The Board of Governors of the Colorado State University System today approved a total budget for the CSU System, including the Fort Collins and Pueblo campuses, of approximately $880 million including state funds, tuition, fees and research dollars.
This budget also covers expenditures for Colorado State University’s Denver operations as well as 59 Extension offices, eight Agricultural Experiment Stations and Colorado State Forest Service operations throughout the state.
The education and general budget for the Fort Collins campus is $406.5 million. This budget reflects a revenue increase over last year of $39.2 million, including $11.2 million from state funds.
As part of the budget, the board also approved expected tuition increases in the 2008-2009 academic year. Resident undergraduate students will pay $4,424 in annual tuition – an increase of $384 over last year. If a student lives on campus and attends full-time for one year, the cost of attendance is estimated at $14,976, an increase of $1,487 over 2007-2008. Non-resident undergraduate students attending full-time will pay $20,140 in annual tuition, an increase of $2,660 over last year.
Even with the increases, Colorado State is one of the most affordable universities among its peers.
CSU-Fort Collins plans to invest the new funds in several key areas that align with the Board of Governors’ goals to "stretch" the university’s potential. Budget support for the stretch goals, now in their second year, includes:
-The university plans to invest $6.9 million to improve the teaching and learning environment. Among the additions will be 10 new faculty positions to address the growth in academic and research interests, particularly in fields of study in new energy and climate change.
-The university will invest $2.4 million in research and development so it can expand its efforts in solving global issues – such as indoor and outdoor air pollution in the developing world – where it has had notable success.
-The university will commit more than $16 million to faculty and staff retention with an average 5 percent salary increase.
-An investment of $2.3 million will bolster the university’s leadership in STEM (Science, Technology, Engineering, Mathematics) education, continuing its enrollment gains including gains among diverse students, and upgrading classrooms.
In addition to the stretch goals, $3.4 million will go to financial aid.
A significant portion – 70 percent – of the new revenue allows the university to cover mandated costs at the Fort Collins campus.
"We appreciate the Legislature’s support and are encouraged by progress in several areas, including state funding support for economically important university research in the biosciences, and a bill that eases funding restrictions on our Colorado Water Institute and supports the development of a statewide collaboratory for water education and research," said Larry Edward Penley, president of Colorado State University and chancellor of the CSU System.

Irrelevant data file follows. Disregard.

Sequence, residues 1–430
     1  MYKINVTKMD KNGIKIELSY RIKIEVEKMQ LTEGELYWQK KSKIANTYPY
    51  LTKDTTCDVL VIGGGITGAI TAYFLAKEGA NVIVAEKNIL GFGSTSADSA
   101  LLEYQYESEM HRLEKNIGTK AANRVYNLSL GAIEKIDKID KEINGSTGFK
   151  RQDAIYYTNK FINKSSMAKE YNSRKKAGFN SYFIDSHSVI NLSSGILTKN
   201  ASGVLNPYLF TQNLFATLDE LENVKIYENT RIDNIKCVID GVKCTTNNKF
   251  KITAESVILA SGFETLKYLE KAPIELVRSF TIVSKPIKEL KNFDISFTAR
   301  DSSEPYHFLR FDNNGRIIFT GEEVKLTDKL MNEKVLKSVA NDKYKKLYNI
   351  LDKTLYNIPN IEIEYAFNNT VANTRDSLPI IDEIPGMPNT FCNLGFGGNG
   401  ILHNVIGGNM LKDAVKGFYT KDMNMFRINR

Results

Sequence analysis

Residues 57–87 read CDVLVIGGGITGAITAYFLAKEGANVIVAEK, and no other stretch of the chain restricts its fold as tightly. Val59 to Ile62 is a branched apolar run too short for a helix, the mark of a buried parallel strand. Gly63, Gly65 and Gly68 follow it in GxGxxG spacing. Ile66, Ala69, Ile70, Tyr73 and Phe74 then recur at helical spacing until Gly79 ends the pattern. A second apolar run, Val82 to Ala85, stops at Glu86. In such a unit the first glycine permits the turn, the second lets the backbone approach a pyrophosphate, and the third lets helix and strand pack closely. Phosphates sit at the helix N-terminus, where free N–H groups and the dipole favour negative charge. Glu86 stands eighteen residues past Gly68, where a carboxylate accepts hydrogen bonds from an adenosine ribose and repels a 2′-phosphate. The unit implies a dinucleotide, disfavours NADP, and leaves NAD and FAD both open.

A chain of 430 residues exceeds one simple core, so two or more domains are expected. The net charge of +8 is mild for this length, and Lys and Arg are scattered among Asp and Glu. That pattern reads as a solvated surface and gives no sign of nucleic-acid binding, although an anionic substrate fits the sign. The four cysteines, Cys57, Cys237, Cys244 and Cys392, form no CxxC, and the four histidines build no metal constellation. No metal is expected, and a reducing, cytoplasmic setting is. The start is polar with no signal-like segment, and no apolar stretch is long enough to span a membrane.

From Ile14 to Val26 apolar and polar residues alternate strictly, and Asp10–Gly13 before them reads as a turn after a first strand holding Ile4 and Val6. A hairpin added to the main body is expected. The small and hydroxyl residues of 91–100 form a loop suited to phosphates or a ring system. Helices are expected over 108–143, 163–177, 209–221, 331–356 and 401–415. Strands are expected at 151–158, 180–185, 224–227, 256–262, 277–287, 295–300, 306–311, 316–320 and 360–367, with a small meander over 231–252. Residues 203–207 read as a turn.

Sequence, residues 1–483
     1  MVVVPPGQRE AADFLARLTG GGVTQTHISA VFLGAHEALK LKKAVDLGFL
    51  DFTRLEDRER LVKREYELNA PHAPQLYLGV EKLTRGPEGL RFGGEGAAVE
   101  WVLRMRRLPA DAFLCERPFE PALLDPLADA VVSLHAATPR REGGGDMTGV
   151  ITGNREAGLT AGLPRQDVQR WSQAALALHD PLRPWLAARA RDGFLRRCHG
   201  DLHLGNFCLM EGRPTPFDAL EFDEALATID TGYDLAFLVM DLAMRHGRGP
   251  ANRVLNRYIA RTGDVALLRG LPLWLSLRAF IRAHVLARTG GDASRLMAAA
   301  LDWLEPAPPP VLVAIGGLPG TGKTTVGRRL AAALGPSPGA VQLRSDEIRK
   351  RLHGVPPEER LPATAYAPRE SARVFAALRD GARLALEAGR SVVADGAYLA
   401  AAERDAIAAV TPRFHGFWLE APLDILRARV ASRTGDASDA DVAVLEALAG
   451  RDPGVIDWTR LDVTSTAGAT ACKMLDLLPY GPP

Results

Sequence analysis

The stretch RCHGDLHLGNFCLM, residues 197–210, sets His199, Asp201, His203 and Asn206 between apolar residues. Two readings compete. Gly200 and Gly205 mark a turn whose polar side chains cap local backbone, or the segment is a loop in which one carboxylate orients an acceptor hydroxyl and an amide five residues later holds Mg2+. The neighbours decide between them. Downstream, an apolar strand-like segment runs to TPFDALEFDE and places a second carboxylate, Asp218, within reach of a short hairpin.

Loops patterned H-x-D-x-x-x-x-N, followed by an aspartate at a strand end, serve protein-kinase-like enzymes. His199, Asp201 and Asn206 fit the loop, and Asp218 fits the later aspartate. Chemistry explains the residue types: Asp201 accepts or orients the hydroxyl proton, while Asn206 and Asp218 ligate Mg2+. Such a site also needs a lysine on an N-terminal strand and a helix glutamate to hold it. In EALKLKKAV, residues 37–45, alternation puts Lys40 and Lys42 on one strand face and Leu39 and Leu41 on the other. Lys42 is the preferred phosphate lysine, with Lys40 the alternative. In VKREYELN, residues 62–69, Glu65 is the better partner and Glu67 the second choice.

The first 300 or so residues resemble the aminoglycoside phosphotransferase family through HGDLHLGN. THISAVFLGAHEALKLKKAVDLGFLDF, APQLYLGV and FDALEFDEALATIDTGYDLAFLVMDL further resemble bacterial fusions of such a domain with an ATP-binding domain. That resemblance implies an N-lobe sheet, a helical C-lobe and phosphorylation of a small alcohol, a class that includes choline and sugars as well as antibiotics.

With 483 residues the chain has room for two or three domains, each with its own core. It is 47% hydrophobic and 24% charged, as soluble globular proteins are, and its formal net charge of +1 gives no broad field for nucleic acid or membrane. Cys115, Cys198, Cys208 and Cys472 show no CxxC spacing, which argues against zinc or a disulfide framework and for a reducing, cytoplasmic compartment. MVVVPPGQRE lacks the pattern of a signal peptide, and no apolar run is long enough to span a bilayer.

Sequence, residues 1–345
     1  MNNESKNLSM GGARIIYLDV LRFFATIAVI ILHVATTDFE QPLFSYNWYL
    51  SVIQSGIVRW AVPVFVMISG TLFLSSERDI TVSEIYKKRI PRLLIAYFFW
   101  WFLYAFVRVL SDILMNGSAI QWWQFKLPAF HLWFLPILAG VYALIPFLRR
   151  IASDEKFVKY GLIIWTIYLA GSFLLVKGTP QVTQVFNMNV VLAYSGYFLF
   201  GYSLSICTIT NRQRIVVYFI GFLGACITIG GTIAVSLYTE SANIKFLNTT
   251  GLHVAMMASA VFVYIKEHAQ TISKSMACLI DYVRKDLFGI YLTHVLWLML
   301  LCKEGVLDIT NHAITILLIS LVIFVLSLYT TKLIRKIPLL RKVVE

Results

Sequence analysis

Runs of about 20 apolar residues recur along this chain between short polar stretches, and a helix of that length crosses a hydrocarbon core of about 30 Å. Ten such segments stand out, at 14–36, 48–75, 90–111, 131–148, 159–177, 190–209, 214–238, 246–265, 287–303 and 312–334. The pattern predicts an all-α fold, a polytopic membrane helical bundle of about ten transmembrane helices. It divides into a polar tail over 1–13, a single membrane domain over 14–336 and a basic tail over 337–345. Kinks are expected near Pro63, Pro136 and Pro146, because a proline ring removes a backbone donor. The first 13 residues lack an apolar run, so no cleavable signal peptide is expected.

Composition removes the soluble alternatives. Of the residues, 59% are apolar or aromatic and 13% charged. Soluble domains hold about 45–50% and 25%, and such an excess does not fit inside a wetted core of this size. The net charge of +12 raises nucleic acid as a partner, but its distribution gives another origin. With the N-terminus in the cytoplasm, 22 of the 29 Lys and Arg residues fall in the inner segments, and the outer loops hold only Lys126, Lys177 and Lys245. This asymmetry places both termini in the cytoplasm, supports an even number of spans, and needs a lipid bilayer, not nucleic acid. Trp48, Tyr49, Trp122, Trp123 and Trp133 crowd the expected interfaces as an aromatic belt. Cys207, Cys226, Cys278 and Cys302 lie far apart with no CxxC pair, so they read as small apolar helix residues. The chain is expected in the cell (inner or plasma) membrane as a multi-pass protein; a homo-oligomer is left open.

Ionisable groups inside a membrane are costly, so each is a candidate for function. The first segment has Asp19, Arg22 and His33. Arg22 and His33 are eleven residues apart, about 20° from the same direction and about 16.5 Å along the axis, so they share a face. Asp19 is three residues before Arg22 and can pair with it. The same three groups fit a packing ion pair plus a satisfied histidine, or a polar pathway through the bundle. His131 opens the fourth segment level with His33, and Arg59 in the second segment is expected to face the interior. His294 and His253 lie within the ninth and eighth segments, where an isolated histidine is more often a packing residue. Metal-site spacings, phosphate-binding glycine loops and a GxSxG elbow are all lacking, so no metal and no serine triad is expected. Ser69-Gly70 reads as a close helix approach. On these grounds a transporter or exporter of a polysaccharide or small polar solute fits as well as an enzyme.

The university started the budget planning process in August 2007, which included meetings and hearings with the state Legislature.
"The involvement and input of students, faculty, staff, and administration has been a hallmark of this process, and I believe this is a budget that places primary emphasis on advancing the academic quality and climate at this university," said Tony Frank, CSU provost and senior executive vice president.
A full-time resident student at CSU-Pueblo will pay an annual tuition of $3,422 in 2008-2009. This is an increase of $238 over the 2007-2008 academic year. Annual tuition for a full-time non-resident student at CSU-Pueblo will not increase and will remain at $13,543. Total cost of attendance for a full-time resident student at CSU-Pueblo, which includes base tuition, student fees and room and board, will be about $10,718.
"Colorado State University is making great progress on the aggressive stretch goals set by the Board of Governors, helping to achieve the highest levels of excellence in education, research and outreach to the state, nation and world," said Douglas L. Jones, chairman of the CSU Board of Governors. "This budget will go a long way in improving on what is already one of the nation’s premier research institutions."
The board’s stretch goals include adding 450 new faculty, increasing enrollment by 6,000 students and doubling research spending to $500 million in the next four years – to remain a competitive contributor to the Colorado and global economies and to provide the best possible educational experience for all students. To help meet those stretch goals, the board in 2007 approved a $175 million bond issue for the university system to improve the quality of facilities for students. That includes, among others, improvements to the University Center for the Arts, a new Computer Science building and an addition to the business college’s Rockwell Hall in Fort Collins.